Transitioning to Chief Innovation Officer
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Transitioning to Chief Innovation Officer

Jag Randhawa, VP/CIO, CAMICO Mutual Insurance
Jag Randhawa, VP/CIO, CAMICO Mutual Insurance

Jag Randhawa, VP/CIO, CAMICO Mutual Insurance

There has never been a better time to be a Chief Information Officer (CIO). Technology has matured from back office automation to becoming an integral part of most company’s product offerings.

Leveraging technology to grow the business is becoming an increasingly popular topic at the Board of Directors meetings. Savvy CEOs and directors know the value that technology adds to building a better business, improving operations, increasing customer satisfaction, and building competitive advantages. With so many eyes on technology, we are finally reaching an inflection point where technology and CIOs are getting the attention they deserve. But the key question remains: are CIOs leveraging this golden opportunity?

I have seen a really positive shift in importance of information technology and the need for strategic technology leaders. Companies are looking for ways to leverage technology to create competitive advantages. CEOs and board members expect their technology leaders to introduce new technologies and innovations that help them create competitive advantages for the business. It is now time for CIOs to shift gears from operations to innovation, and to replace that age old “information” with “innovation” in the CIO title.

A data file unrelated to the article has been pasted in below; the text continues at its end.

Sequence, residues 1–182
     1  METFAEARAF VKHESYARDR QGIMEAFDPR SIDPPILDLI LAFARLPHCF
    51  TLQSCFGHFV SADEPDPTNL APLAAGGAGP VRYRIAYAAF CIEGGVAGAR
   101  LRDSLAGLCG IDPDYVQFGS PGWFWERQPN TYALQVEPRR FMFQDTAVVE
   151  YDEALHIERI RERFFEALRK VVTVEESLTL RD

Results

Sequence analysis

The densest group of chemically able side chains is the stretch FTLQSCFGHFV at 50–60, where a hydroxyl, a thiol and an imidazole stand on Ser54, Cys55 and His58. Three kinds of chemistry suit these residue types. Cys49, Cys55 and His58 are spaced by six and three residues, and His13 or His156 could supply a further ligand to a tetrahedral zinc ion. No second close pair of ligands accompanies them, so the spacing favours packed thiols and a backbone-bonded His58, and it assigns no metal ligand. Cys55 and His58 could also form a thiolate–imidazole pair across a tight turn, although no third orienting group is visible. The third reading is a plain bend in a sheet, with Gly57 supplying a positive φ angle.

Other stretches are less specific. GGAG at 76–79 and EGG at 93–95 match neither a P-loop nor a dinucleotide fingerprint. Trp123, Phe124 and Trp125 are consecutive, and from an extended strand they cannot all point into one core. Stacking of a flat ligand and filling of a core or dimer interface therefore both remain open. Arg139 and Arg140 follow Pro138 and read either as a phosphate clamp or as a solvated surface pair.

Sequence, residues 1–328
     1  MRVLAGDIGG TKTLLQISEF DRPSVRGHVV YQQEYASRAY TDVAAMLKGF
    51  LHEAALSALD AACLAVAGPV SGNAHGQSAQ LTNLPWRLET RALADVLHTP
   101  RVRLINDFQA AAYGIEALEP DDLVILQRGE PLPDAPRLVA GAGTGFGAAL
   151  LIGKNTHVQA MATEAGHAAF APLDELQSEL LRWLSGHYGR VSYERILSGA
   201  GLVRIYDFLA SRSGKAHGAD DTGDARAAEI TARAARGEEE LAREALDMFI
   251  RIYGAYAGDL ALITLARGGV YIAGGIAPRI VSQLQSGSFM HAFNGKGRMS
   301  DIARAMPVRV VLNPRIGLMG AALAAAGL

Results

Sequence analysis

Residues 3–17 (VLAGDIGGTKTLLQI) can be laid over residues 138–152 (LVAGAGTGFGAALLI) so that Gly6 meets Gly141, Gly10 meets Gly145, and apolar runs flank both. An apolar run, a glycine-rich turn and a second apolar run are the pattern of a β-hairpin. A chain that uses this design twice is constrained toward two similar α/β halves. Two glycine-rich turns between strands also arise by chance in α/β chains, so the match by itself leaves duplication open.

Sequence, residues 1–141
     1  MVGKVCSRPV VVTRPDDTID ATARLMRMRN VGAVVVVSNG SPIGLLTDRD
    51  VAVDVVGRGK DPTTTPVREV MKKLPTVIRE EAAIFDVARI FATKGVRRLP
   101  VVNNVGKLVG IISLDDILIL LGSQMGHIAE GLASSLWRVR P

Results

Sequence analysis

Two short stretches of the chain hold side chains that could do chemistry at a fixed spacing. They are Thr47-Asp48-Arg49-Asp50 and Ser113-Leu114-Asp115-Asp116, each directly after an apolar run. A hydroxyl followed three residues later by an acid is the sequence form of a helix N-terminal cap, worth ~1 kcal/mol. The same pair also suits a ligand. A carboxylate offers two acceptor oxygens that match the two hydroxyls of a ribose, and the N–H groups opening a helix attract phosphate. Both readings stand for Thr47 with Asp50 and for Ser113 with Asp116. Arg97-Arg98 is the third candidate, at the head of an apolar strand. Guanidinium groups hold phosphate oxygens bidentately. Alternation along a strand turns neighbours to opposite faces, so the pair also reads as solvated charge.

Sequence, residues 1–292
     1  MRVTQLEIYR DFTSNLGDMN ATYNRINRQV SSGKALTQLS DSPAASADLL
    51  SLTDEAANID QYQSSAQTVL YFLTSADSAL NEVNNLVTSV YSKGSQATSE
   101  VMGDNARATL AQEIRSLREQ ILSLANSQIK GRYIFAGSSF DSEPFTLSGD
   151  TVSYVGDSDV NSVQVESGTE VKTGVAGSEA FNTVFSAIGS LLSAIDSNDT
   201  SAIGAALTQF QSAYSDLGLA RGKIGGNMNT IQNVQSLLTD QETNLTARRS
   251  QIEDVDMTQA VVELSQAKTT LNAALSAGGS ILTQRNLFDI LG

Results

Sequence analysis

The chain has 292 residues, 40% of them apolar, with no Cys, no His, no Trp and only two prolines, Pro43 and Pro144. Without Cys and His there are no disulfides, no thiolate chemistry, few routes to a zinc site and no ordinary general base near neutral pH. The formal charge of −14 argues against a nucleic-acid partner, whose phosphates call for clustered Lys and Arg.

I know that CIOs are often fighting fires. The number of projects CIOs work on at any given point in time does not leave much room for any additional responsibilities. But if you want to up your game and increase the strategic value of the CIO role, you have no choice but to put on the Chief Innovation Officer hat. Don’t worry; this article will help you get started and ease the pain of uncertainty. I will give you a proven formula to jump-start your innovation efforts. I will show you how to start a grassroots innovation program and grow it.

Strategic Focus

The very first step in starting the innovation journey is to understand that innovation is not about inventing new things, but rather creating value for customers. AsHarvardProfessor Theodore Levitt puts it: “Creativity is thinking up new things. Innovation is doing new things.” The secret to innovation is doing things that add value for customers, and doing lots of those things. These activities do not have to encompass grand transformational ideas, but rather, they can be a collection of hundreds of big and small ideas that collectively create a compelling value. Ideas are the raw currency of innovation. Here’s my simple formula for innovation:

Innovation = Ideas + Execution + Adoption

To be innovative, you have to execute lots of little ideas that add value to customers. Often, it is not a grand idea that makes a company innovative, but rather a collection of hundreds and sometimes thousands of little ideas. Your goal is to lead an innovation program to collect and execute a large number of ideas that create value for customers. It takes significant momentum to switch a customer from one product to another, and what tips the scale for any given customer will not always be what tips it for another. So instead of fixating on a single grand idea, think of many little ideas. The key is to focus on value creation, which could be speed, operational efficiencies, cost saving, customer service, ease of use, and a host of other factors that makes your customers want to do business with you.